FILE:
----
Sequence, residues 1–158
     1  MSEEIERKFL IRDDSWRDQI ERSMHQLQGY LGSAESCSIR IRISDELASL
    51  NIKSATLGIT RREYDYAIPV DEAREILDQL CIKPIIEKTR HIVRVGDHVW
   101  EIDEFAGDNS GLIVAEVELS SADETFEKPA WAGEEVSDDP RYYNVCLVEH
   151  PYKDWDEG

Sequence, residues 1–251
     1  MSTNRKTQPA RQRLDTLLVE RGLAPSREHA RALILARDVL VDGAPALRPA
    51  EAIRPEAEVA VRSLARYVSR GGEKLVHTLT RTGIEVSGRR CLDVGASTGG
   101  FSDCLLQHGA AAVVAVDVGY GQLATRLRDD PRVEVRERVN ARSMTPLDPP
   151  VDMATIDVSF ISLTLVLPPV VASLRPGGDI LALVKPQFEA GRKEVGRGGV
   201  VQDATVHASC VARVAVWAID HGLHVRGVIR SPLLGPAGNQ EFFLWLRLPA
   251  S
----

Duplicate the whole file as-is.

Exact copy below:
Sequence, residues 1–158
     1  MSEEIERKFL IRDDSWRDQI ERSMHQLQGY LGSAESCSIR IRISDELASL
    51  NIKSATLGIT RREYDYAIPV DEAREILDQL CIKPIIEKTR HIVRVGDHVW
   101  EIDEFAGDNS GLIVAEVELS SADETFEKPA WAGEEVSDDP RYYNVCLVEH
   151  PYKDWDEG

Sequence, residues 1–251
     1  MSTNRKTQPA RQRLDTLLVE RGLAPSREHA RALILARDVL VDGAPALRPA
    51  EAIRPEAEVA VRSLARYVSR GGEKLVHTLT RTGIEVSGRR CLDVGASTGG
   101  FSDCLLQHGA AAVVAVDVGY GQLATRLRDD PRVEVRERVN ARSMTPLDPP
   151  VDMATIDVSF ISLTLVLPPV VASLRPGGDI LALVKPQFEA GRKEVGRGGV
   201  VQDATVHASC VARVAVWAID HGLHVRGVIR SPLLGPAGNQ EFFLWLRLPA
   251  S